The Marijuana Policy Project has released a new report on tax revenue generated from state-legal, adult-use cannabis since 2014 when sales began in Colorado and Washington state. As of December 2021, states reported a combined total of $10.4 billion in tax revenue from legal, adult-use cannabis sales, with more than $3 billion reported in 2021 so far (states have not yet reported revenue totals for the last one to three months of the year).
The report includes the tax structure for each state, total revenue generated each year, and additional information about how the revenue is being distributed to public services and programs.
“States that have legalized cannabis for adults are reaping significant economic benefits. The legal adult-use cannabis industry has now generated over $10 billion in new tax revenue, and in many instances that revenue is being distributed to much needed public services and programs, including reinvesting in communities that were devastated by the war on drugs. This is in stark contrast to prohibition, which costs taxpayers billions of dollars each year to enforce,” said Karen O’Keefe, director of state policies at the Marijuana Policy Project.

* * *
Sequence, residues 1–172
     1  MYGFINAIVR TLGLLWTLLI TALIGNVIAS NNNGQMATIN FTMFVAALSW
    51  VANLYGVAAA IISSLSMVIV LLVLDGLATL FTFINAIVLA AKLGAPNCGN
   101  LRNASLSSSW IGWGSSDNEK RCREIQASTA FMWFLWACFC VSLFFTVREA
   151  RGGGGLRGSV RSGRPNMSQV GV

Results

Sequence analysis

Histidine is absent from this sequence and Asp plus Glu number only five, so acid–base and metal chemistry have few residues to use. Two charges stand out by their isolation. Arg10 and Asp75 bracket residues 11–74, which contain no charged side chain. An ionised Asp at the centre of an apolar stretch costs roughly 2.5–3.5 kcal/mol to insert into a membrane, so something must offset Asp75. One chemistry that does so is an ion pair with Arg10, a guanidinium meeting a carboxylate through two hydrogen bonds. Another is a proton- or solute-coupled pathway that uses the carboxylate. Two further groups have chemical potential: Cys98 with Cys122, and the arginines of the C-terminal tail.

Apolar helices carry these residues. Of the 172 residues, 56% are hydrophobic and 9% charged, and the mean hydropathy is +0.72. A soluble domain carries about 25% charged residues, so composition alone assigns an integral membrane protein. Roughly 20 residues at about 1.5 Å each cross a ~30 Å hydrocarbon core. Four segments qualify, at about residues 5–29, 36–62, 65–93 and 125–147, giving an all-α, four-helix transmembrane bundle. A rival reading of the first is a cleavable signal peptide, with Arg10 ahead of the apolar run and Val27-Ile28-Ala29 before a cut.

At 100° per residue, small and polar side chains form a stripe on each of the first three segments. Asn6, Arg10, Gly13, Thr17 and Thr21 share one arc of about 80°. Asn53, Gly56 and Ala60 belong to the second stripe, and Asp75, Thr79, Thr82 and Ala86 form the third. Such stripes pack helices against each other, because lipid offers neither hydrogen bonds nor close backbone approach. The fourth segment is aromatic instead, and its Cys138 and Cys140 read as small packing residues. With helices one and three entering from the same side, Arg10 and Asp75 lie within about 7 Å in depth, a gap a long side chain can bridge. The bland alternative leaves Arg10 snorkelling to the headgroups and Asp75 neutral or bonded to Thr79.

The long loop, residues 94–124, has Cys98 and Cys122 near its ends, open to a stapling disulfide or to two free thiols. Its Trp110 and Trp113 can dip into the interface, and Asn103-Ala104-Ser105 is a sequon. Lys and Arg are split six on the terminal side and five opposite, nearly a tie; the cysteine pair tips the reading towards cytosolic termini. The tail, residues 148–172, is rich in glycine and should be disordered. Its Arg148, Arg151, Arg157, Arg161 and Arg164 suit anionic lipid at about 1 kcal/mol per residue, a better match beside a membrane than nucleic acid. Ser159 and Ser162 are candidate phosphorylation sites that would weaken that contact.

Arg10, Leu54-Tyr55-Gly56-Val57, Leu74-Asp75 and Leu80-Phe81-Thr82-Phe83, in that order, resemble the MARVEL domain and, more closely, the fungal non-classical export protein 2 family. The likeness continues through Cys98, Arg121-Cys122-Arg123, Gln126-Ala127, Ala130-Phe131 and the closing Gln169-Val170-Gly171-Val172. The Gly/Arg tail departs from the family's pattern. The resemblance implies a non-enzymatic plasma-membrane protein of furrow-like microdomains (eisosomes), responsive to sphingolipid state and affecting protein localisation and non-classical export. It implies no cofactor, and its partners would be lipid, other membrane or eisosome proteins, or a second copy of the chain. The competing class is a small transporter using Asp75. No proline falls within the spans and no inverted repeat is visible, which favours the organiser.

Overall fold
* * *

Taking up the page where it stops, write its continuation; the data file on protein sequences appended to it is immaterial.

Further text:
Eighteen states have laws that legalize, tax, and regulate cannabis for adults 21 and older (the 2020 voter-approved adult-use legalization law in South Dakota was overturned by the state’s Supreme Court in November 2021). Eight of the laws were approved in 2020 or 2021, and in seven of those states, sales and tax collections have either not yet begun (or began within the last week).
In states with legal, adult-use cannabis sales, tax revenues can be allocated for social services and programs. This includes funding education, school construction, early literacy, public libraries, bullying prevention, behavioral health, alcohol and drug treatment, veterans’ services, conservation, job training, conviction expungement expenses, and reinvestment in communities that have been disproportionately affected by the war on cannabis, among many others.